Political dancing around debt and deficit issues should stop

    We live in a time when getting into debt is almost like a fashion. Unlike fashion, which comes and goes by season, piling up too much debt may break your backbone. The policy makers at the federal level are very indifferent to this huge debt and deficit problem we are facing for sometime.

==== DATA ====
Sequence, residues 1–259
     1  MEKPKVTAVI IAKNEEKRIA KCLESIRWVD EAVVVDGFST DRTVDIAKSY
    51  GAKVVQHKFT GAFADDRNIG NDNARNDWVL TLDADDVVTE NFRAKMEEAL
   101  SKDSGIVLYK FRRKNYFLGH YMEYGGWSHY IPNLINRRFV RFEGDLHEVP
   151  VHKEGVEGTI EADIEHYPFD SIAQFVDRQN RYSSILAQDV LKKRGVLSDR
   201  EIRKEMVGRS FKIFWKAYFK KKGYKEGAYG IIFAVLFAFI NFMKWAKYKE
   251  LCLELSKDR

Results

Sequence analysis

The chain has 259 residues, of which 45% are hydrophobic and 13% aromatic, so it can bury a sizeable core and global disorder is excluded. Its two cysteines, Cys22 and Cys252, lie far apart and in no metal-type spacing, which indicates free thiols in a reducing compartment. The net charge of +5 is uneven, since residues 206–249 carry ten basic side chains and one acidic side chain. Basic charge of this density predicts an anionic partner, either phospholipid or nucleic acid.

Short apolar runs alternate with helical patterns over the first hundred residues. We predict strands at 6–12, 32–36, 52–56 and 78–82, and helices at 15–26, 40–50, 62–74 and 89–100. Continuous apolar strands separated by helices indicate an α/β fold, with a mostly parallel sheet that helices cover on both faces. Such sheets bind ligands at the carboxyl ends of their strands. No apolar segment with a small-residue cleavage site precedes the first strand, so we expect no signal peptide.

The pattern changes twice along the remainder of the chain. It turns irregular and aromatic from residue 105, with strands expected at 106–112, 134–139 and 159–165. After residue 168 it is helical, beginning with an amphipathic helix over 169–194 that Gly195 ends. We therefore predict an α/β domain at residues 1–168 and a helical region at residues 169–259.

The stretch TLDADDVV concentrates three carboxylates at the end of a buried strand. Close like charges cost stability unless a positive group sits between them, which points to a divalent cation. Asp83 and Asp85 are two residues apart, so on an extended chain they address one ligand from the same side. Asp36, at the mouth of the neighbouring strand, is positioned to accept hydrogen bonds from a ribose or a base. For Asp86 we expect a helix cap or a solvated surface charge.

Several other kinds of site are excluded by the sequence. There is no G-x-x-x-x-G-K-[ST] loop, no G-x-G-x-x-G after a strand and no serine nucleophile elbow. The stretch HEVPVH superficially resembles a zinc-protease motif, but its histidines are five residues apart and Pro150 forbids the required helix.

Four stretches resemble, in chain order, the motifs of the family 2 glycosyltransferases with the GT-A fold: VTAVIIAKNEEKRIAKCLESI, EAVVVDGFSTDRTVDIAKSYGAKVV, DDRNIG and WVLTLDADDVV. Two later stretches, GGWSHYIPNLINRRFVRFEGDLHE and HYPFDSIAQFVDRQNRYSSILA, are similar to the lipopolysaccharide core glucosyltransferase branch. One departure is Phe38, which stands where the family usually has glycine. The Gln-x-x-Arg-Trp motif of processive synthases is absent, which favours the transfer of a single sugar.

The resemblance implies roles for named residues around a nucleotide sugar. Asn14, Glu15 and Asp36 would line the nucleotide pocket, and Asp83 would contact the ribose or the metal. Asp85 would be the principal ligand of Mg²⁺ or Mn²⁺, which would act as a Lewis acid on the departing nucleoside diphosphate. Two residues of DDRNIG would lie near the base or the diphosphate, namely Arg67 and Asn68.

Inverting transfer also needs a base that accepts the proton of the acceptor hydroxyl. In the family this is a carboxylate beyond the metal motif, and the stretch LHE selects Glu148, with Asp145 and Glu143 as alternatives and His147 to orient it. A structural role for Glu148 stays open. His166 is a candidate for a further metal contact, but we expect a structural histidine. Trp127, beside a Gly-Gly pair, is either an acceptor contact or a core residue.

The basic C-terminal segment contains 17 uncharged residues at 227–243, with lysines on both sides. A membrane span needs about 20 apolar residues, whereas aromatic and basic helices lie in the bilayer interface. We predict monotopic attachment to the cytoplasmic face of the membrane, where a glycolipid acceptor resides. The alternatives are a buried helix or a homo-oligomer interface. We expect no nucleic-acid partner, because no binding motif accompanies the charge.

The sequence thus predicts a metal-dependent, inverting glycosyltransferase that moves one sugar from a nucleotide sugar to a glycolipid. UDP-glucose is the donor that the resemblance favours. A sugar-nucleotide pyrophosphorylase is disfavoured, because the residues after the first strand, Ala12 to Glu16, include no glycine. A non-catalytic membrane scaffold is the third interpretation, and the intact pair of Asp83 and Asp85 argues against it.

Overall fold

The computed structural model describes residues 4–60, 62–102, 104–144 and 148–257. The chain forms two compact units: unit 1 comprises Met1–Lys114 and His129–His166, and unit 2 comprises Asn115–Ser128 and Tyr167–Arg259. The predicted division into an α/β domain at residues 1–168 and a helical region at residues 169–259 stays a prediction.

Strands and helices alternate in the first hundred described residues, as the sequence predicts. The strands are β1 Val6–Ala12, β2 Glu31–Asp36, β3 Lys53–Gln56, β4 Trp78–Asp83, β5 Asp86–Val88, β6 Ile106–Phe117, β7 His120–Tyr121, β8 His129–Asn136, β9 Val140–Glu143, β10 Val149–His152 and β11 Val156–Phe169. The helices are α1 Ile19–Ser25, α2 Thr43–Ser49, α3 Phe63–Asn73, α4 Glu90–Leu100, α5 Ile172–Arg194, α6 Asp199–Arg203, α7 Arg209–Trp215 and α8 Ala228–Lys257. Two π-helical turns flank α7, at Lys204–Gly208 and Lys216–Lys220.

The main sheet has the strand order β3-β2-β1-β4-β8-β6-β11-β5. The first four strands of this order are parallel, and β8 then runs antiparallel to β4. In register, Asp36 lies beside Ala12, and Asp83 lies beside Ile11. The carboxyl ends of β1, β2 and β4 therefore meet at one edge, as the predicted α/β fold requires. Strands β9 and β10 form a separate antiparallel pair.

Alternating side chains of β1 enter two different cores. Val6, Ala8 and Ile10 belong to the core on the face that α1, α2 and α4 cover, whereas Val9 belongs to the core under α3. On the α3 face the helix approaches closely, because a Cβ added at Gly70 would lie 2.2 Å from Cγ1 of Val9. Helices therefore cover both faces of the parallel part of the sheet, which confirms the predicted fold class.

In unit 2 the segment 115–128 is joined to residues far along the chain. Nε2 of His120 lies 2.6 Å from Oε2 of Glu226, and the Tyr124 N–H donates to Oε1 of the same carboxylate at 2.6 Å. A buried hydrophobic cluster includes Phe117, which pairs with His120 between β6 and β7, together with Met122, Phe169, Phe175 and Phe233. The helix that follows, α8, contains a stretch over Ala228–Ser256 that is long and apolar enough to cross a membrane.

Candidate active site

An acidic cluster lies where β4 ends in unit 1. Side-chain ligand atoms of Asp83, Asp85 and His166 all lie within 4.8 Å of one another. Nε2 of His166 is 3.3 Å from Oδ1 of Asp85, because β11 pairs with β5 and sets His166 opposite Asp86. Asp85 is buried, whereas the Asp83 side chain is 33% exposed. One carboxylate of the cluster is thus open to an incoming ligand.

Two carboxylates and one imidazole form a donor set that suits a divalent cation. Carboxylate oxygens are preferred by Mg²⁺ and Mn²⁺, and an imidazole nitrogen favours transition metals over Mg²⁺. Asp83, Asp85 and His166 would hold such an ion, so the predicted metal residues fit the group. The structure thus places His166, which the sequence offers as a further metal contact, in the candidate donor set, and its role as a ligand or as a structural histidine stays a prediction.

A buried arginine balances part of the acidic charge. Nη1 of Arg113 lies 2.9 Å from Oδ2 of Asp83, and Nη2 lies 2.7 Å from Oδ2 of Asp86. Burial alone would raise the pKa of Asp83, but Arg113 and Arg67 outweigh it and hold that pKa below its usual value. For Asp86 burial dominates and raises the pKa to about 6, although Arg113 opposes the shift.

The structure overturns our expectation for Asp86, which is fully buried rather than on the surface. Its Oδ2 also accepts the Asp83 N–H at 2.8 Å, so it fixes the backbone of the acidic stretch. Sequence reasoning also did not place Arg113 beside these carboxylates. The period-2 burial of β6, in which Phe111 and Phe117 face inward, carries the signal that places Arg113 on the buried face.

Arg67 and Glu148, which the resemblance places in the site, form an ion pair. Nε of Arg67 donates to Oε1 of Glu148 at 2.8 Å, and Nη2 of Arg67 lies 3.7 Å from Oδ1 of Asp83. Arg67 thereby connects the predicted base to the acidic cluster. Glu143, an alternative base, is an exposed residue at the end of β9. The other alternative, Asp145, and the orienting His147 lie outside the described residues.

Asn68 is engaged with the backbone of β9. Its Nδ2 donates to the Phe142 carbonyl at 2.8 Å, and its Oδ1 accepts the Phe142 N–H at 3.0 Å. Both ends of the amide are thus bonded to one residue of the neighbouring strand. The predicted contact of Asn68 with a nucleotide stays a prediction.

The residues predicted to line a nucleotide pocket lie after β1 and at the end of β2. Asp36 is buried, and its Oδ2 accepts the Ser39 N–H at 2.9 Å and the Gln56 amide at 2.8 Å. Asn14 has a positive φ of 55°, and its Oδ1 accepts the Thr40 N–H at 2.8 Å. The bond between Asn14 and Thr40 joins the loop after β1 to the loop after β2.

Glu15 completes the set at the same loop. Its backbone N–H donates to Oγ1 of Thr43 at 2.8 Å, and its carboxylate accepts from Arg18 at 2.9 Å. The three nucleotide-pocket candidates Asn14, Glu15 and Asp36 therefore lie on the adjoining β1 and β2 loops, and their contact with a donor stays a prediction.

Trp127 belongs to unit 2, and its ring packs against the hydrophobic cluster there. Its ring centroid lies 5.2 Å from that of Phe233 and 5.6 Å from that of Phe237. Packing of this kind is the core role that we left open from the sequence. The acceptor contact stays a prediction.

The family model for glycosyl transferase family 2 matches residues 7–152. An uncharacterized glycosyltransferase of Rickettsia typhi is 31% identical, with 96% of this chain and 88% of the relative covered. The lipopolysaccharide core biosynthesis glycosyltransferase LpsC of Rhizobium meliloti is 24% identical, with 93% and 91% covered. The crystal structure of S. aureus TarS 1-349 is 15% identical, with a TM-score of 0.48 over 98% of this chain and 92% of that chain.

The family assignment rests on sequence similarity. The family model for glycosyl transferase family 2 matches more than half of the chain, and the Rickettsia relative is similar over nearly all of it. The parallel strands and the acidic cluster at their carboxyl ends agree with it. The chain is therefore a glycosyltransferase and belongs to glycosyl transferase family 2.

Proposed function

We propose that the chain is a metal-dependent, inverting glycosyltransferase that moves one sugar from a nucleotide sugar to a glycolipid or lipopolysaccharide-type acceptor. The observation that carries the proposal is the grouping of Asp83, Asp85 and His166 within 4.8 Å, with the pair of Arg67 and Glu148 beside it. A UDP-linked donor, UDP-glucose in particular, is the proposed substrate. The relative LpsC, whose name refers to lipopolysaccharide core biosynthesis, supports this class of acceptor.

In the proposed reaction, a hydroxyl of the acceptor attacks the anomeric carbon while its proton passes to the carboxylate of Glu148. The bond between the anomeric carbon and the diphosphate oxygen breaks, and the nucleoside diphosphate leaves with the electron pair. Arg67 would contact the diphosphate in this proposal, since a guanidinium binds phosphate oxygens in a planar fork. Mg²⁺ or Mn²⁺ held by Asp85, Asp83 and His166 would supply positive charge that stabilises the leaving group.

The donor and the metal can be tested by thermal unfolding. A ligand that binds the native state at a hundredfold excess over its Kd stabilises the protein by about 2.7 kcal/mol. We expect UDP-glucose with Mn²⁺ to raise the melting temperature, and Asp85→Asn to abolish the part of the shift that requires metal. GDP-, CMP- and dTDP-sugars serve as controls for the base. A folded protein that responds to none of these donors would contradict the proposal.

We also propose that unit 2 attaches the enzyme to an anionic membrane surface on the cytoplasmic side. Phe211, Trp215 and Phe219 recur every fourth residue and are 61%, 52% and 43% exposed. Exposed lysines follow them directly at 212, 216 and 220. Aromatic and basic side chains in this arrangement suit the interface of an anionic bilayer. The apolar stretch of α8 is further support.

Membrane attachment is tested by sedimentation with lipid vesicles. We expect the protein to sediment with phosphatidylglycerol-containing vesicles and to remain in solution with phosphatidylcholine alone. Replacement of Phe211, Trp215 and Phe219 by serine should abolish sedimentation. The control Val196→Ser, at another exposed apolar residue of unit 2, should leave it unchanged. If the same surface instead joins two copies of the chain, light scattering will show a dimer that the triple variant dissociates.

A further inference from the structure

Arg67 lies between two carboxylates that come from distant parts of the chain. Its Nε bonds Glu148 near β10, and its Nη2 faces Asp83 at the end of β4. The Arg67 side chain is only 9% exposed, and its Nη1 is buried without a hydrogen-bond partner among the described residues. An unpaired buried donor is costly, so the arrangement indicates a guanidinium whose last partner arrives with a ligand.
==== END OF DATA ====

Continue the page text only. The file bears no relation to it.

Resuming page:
It looks like they are in a world of illusion. The fact of the matter is this: We are borrowing too much money. We are putting our children and grandchildren in jeopardy. No country in the history of human civilization has borrowed so much money. Every American has a debt equivalent to $28,000. For a family of four it comes to $112,000. We are keeping our future generation hostage to our present generation’s misguided public policies. While debt is a long term comprehensive economic problem, deficit reflects more of a current fiscal miscalculation – spending more than what is coming to the treasury. We have an average deficit of $350 billion per year since Bush administration came to the White House in 2001. To cover the deficit, we need to borrow money from the world market by selling US treasury bonds and hence the accumulation of debt – $8.5 trillion at the latest count. Almost half of the treasury bonds are purchased by foreign countries. On average every year $300 billion is paid on interest only. Our GSU budget is less than $100 million. So 3,000 GSUs could be funded by federal government’s one year interest payment on the debt – the amount is almost equal to the total budget for the whole higher education in the USA – it’s ridiculous but this is what is happening. Since Bretton Woods Conference in 1944-45, US dollar’s has become the de-facto international currency, and the dollar was pegged to gold (at $35 per ounce). On August 17, 1971, Nixon suspended the US dollar conversion into gold, and it became "floated" in the international monetary market. That decision gave United States a blank check to print as much dollar currency as Federal Reserve Bank needed without being backed by reserved gold. We borrow money from international market (read Asian countries) by letting them buy our treasury bonds. The Asian countries accumulated cash US dollar by selling goods to the US market. We paid in dollar because we are the only party to manufacture it by ‘fiat’. They love cash dollar because the "US dollar is the dominant reserve currency" of the world. Many of the Asian and other countries who have accumulated excess cash from trading with USA – are finding a save haven to invest in the US treasury bonds. Keeping cash dollar does not grow in value. One can get a decent interest by investing in the US treasury bonds. So far so good. One may argue, things are going fine – at least we are not in a catastrophic crisis. However, things may change and are changing. US dollar as a de facto international currency is being challenged by Euro since it’s inception in 2000. It is the emerging "reserve currency" challenging the US dollar. Some studies indicated Euro may be equal – if not more powerful than dollar by 2020. Asian countries may not be as much depended on treading with US as their internal markets will mature by then. Over and above, Asian countries may not be willing buyers of US treasury bonds to keep the US market afloat in future as their vested interest may not be linked to purchasing US treasury bonds. Lastly, the political dancing around the issue of debt and deficit need to stop. The Congress and the President need to address the issue seriously. We can’t continue to pile up Himalayan debt on assumption that we will be able to pay by dollar for ever. Things may not add up at the end of the day. Before it becomes too late, we need some action. The game of paying debt by paper money may have come to a full cycle.Dr. Nasir Ahmed is a public administration professor at Grambling State University.